Before arguing Cormann’s advantages, it is important to address that his selection could be blocked by adamant member states. Some believe that the OECD should pick a candidate from Europe as a European has not led the organization since 1996.

Cormann is also facing backlash for his environment record as Finance Minister under the Liberal-National coalition. The OECD is a leader on international climate cooperation, and with the environment as a key point of the “Better Policies for Better Lives” initiative, states may feel inclined to avoid Cormann’s selection. However, this view overlooks Cormann’s campaign commitments. Most recently, Cormann championed achieving global net-zero emissions by 2050 under the Paris Accords, a comparable view to other candidates.

Synergies between Cormann and the United States

Though other candidates are undoubtedly qualified, Mathias Cormann’s candidacy stands out for his clear calls to lead an OECD that is “engaged with all the world’s regions, including the Asia-Pacific.” As a non-European representative, his leadership would be an especially credible signal. The United States has vested interests in expanding the OECD to increase global policy reach and to incorporate more countries that are favorable to the United States’ policy positions. With membership on the table for Argentina, Brazil, Bulgaria, Croatia, Peru, and Romania, backing Cormann's bid for this specific selection would be a smart move.

Cormann’s views on taxes and the economy also align with the United States. Of the remaining candidates, he is likely to be sympathetic toward large American tech companies in finding a way forward on the ongoing digital tax debate. While the Biden administration may be more likely than the previous administration to find compromise, a reversal of position to support increased digital taxes under proposed Deputy Assistant Secretary for Multilateral Tax, Itai Grinberg, is unlikely. Furthermore, though the current digital tax debate may evolve before the next Secretary-General takes office, the stakes will remain high. Debates on similar topics will likely continue, and it would benefit the United States and American companies to have someone in their corner. Cormann has also championed anti-corruption initiatives, similar to the Biden administration’s concerns on illicit finance.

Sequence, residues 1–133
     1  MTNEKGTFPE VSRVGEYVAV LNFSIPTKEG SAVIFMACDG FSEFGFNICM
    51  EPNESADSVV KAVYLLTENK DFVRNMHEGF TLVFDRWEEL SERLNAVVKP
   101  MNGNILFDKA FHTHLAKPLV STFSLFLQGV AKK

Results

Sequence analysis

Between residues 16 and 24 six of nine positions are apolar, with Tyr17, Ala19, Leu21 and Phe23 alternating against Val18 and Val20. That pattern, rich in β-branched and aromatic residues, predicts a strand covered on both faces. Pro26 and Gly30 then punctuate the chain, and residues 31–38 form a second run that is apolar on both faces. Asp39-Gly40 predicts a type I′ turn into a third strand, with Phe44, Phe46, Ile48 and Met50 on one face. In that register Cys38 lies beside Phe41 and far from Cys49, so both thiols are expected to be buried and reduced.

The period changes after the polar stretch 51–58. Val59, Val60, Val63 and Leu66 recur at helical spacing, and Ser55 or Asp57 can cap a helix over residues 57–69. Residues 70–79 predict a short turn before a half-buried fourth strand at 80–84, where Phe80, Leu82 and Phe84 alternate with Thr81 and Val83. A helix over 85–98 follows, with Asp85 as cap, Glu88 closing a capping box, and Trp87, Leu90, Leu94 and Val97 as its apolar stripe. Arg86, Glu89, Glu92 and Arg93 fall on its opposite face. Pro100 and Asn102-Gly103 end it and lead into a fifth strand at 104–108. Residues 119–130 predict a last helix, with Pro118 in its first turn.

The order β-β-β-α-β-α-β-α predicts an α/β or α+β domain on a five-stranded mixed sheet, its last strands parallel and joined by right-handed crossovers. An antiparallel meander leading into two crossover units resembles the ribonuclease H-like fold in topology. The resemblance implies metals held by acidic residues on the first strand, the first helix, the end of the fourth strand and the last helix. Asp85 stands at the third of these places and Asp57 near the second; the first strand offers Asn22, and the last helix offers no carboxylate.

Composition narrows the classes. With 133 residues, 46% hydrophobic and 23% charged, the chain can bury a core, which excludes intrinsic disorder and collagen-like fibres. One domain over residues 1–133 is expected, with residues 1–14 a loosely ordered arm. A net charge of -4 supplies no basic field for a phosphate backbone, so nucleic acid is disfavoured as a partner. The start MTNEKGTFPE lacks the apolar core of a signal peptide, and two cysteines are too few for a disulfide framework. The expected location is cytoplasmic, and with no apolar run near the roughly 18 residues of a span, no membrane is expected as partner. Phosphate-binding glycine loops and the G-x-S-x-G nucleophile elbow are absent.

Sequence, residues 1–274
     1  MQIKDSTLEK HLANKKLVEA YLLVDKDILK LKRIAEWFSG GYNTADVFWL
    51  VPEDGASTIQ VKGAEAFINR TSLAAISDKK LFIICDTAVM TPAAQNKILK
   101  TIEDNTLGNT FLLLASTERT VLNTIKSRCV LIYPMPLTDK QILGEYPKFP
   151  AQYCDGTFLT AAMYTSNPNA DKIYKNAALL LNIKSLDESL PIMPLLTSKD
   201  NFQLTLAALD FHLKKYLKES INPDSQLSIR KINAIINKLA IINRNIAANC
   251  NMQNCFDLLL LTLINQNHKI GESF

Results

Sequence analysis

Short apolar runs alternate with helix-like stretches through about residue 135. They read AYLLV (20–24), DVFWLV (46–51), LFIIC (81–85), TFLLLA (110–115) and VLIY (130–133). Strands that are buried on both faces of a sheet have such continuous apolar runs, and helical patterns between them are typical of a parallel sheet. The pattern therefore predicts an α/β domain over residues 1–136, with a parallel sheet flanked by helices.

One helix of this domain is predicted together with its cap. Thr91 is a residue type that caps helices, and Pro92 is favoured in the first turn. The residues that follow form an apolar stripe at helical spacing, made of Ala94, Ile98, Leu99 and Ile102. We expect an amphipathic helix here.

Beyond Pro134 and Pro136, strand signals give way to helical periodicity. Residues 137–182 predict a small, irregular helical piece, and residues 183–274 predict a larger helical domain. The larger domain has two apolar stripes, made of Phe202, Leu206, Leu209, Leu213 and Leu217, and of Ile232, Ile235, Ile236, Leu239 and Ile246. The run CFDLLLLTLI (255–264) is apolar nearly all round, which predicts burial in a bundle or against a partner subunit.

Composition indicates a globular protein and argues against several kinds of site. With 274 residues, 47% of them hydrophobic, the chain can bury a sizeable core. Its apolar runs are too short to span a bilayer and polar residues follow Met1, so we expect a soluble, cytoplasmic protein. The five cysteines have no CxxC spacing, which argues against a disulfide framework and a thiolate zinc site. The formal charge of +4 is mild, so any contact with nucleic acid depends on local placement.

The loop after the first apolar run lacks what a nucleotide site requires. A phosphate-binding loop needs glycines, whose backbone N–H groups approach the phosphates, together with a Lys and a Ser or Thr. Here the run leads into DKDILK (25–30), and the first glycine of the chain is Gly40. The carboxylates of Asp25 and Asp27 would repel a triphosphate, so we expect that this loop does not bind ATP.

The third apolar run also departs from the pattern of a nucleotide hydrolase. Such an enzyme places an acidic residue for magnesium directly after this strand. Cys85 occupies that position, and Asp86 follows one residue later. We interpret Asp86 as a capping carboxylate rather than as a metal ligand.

The Biden administration is likely to continue the focus on competition with China that was a priority for the Obama and Trump administrations. Supporting Cormann in the Secretary-General selection will be an easy way to show solidarity with Australia, as China-Australia ties have worsened in the last year, while also sending a signal about how the U.S. will engage with a critical source of standards and influence.

Time is of the essence for American involvement. Of the candidates, Cormann is the most promising as an international leader who has commensurate experience in the Asia-Pacific and in interacting closely with powerful non-market economies.

A strong U.S. push could settle him as the ideal compromise between all OECD parties, especially with his ties to Europe as a Belgian-native.

In the consensus-based OECD system, Cormann need not be the most popular candidate, but one that checks some of the boxes for all parties. Though the Biden administration will have to contend with major domestic issues, active participation in the current race will provide a major payoff of favorable OECD leadership for the United States.

Daniel F. Runde is a senior vice president and William A. Schreyer chair in Global Analysis at the Center for Strategic and International Studies. He previously worked for the U.S. Agency for International Development, the World Bank Group, and in investment banking, with experience in Africa, Asia, Europe, Latin America, and the Middle East.